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Faith Hubley |  Women in Animation

Still from My Universe Inside Out
"My Universe Inside Out"

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Faith on the creative process
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Faith Hubley

What does being an independent artist mean to me? It means freedom. I can't conceive of another way to be.

Faith Hubley was born in 1924 and grew up in Hell's Kitchen, a rough-and-tumble neighborhood in New York City. Hesitant to speak about her childhood in interviews, except to say that her parents "made no room for children," her intimate animated self-portrait "My Universe Inside Out" hints at child abuse and her parents' burning down the family house. She left home at age 15 without finishing high school and worked in the theater.

Early Influences

Hubley went to Hollywood at age 18 and got a job as a messenger at Columbia Studios. Because World War II emptied the studios of young men, women were allowed to work in the messenger room for the first time. She worked her way up in the film business to become a sound effects and music editor and eventually a script clerk at Republic Studios. She moved back to New York and became script supervisor on Sidney Lumet's Twelve Angry Men and James Wong Howe's Harlem Globetrotter film Go Man Go, which she also edited.

Faith and John

from Doonsbury
Zonker in A Doonsebury Special
Love and Work

When John Hubley, my late husband, and I made a film it was an odd combination of primitive, childlike and really sophisticated. So I think I was a healthy balance.

Faith married John Hubley and in 1955 they established Storyboard, an independent animation studio. They had only two marriage vows: to eat dinner with the children and to make one independent film a year.

For more on the Hubleys' work together, check out In Collaboration

Going Solo

Until John Hubley's death in 1977, Faith was often shortchanged by historians and critics. John was always listed as director, and Faith was perceived as the lesser partner, undoubtedly because she was a pioneering female artist in an industry dominated by men.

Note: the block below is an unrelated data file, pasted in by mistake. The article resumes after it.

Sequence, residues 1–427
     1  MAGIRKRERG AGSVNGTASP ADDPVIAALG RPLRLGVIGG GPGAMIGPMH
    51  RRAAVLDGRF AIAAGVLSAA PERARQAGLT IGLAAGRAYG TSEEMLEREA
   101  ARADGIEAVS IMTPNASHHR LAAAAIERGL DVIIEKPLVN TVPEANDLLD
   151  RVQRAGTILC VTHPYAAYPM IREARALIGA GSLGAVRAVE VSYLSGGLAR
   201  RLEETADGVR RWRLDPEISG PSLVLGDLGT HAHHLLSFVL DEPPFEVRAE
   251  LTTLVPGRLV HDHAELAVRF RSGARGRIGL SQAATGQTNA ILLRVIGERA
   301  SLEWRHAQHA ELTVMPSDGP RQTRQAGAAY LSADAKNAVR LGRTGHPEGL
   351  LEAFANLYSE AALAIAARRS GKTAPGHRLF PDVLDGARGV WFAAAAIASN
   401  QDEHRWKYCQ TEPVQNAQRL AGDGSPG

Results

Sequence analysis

In 1974, Faith was diagnosed with cancer and began work on her first film alone, "Women of the World (WOW)," the following year. John died during heart surgery when they were working on their 21st film, "A Doonesbury Special." Finished by Faith, Garry Trudeau and their longtime animator, Bill Littlejohn, (despite opposition from studio executives, who questioned Faith's ability to finish the project) the film became their seventh to be nominated for an Oscar.

After her husband's passing, Faith continued to complete one independent film each year. She turned to larger themes and more abstract images in her solo work. Most of her films don't have linear storylines; instead, they draw on her interest in mythology to present ideas and themes, celebrating the wonders of life and the art of indigenous peoples. "Step by Step" (1979) pits mother love against the impossibility of protecting children in an unsafe world. "Seers and Clowns" (1994) uses the words of Chief Seattle against metamorphosing images of wisdom and folly. The treatment of women, as seen in "Witch Madness" (1999) and the mythology of other cultures ("The Big Bang and Other Creation Myths," 1981) are common themes in her work.

Faith Hubley's work has been honored in the Cannes, Venice and London film festivals. She has received fourteen CINE Golden Eagle awards and received the Golden Gate Persistence of Vision Award by the San Francisco International Film Festival (2000). Her paintings have been exhibited in galleries from Annecy, France to Los Angeles, California. In 1995, she was honored with a retrospective program at Washington, D.C.'s National Gallery. She has received honorary doctorates from Columbia College, Chicago, Hofstra University in New York and the Center for Creative Studies in Detroit.

At the time of her death in 2001, Faith Hubley had completed 25 solo films and was a senior critic in the Department of Art at Yale University, where she taught a class on storyboarding.

See a Filmography of Faith's work.

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